All of us, at least those of us who believe in such things, have our own ideas about what goes into a miracle. For me, finishing one of these essays before collapsing hours later without being driven to drink constitutes at least a minor miracle.
For others, just having some money left over after paying the minimum amount on a bill is one. Some would say life is so tough that just making it through the day is a miracle. There are, of course, those who pray to some deity that the Rays’ closing pitcher will hold up for one or two innings, hoping for their own special miracle and assuming that the Almighty is a Rays’ fan.
I wouldn’t suggest that Morris Hintzman has a lock on miracles around here, but he does seem to have the right connections.
For starters, hemanaged to have about a thousand people up and in place before 7 a.m. for his annual “Bridgebuilders Breakfast” on behalf of Metropolitan Ministries on Wednesday morning at the A La Carte Pavilion. And that was with tables going for a thousand dollars apiece.
He persuaded a gaggle of politicians, ranging from Mayor Bob to city council and county commission members, as well as guest speaker Buccaneers coach Greg Schiano, to get up before daylight and come to a breakfast, which was largely a little fruit and one of those plastic yogurt jobs.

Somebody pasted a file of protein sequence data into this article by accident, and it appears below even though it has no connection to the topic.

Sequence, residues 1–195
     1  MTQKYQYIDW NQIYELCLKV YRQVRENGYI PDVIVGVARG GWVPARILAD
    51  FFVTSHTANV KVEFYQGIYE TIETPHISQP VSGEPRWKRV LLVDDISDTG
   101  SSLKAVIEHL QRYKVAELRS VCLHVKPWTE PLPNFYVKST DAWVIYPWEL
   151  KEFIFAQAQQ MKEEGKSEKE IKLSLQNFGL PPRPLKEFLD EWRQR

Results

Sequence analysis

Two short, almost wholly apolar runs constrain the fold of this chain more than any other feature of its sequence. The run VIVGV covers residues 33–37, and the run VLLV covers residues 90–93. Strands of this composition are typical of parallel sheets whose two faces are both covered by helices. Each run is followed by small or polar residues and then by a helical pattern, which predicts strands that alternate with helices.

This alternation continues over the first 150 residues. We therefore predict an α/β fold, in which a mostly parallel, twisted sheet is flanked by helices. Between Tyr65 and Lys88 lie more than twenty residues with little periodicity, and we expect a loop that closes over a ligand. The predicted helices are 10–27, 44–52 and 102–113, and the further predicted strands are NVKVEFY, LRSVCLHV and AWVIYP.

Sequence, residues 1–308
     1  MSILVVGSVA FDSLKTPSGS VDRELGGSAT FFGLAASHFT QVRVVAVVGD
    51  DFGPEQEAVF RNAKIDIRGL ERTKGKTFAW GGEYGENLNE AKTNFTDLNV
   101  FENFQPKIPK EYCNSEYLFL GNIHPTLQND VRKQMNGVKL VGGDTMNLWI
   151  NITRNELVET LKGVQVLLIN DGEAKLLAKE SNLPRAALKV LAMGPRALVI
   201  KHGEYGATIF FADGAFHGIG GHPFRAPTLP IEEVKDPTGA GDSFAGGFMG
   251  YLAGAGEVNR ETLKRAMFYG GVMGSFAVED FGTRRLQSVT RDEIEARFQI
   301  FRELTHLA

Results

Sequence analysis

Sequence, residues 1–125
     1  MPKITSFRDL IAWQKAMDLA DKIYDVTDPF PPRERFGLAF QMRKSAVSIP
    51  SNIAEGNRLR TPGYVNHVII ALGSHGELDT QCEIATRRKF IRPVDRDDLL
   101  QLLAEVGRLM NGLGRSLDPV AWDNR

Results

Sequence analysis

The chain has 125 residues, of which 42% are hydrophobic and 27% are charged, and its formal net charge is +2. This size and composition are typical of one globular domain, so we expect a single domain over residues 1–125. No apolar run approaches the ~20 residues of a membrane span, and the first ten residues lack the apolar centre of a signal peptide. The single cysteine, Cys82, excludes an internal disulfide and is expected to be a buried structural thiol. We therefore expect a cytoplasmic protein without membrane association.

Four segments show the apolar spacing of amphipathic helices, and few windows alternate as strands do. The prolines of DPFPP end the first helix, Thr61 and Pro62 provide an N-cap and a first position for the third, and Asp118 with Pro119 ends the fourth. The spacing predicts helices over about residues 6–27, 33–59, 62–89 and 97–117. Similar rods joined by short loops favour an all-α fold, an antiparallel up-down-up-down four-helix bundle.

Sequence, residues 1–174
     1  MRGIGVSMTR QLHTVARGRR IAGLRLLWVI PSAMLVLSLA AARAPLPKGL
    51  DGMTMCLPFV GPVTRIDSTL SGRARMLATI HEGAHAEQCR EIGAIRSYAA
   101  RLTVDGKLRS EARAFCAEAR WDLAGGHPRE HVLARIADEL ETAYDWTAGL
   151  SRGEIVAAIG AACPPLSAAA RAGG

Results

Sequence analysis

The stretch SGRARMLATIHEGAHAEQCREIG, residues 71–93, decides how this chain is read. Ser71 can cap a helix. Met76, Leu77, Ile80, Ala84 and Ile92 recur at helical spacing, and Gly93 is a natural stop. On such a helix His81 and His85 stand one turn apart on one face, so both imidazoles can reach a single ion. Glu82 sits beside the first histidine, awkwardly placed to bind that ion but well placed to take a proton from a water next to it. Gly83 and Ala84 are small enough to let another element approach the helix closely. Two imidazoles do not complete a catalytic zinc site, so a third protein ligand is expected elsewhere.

Hintzman’s idea of a miracle is no secret. I’ve heard him talk about it since we stood next to each other on a street corner on a cold night three decades ago watching homeless men huddled around burning trash in a can. I didn’t realize at the time that his vision was to help entire families reclaim their lives, but it is a goal he has focused on ever since.
Today, nearly 50families find safety and assistance inside the ministries’ family center. “I have never had a night,” he told the assembled multitude, “when every bed wasn’t filled. There is always a waiting list to get inside.”
That’s where Hintzman is trying to pull off his latest miracle. He’s even calling it “Miracle Place.” Drive up Florida Avenue and from the outside it appears to be a new, upscale apartment complex. It is a great deal more than that, with dining halls, school facilities and other amenities wrapped around a courtyard.
It will double the capacity for families and that won’t be a problem with more than 3,000 families looking for housing assistance last year alone.
So there wasHintzman, again making his plea. He needs funds to finish the project and, when it opens later this summer, it needs furniture and equipment.
Most of the speakers quoted scripture and there was one of those heart-tugging films. It also turns out that Schiano is much more than a football coach; he is an impressive spokesman for reaching out. I thought the mayor said it best: “As our city rises in a new economic boom, we need to lift those who need our assistance.”
The mayor is right and Metropolitan Ministries has an impressive track record. If you’d like to get more information, to chip in for some furniture for Morris, or to have someone show you around the new facilities, you can call (813) 209-1000.